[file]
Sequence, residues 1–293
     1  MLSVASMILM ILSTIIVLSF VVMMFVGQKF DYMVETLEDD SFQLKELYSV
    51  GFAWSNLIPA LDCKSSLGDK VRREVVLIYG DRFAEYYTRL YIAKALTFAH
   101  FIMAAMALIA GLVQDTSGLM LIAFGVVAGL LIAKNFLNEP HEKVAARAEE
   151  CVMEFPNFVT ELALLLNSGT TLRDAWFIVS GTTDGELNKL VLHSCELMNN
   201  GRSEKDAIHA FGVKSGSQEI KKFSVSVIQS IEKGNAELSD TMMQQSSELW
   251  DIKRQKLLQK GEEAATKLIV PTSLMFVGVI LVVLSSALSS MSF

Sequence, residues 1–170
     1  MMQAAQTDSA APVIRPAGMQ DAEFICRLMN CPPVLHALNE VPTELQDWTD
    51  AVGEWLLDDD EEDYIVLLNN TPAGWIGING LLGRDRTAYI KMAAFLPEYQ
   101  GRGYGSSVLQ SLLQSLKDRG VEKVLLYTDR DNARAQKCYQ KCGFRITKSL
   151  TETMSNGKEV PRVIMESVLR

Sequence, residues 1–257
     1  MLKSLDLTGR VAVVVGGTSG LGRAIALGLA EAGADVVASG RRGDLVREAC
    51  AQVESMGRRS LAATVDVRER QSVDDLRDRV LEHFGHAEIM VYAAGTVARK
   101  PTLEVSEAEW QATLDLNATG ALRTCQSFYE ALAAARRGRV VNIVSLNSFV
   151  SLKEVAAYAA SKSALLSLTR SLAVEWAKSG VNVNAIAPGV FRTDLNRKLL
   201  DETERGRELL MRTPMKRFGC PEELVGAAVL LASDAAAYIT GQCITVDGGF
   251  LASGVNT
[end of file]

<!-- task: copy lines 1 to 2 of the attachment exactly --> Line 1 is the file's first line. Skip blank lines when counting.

Sequence, residues 1–293
     1  MLSVASMILM ILSTIIVLSF VVMMFVGQKF DYMVETLEDD SFQLKELYSV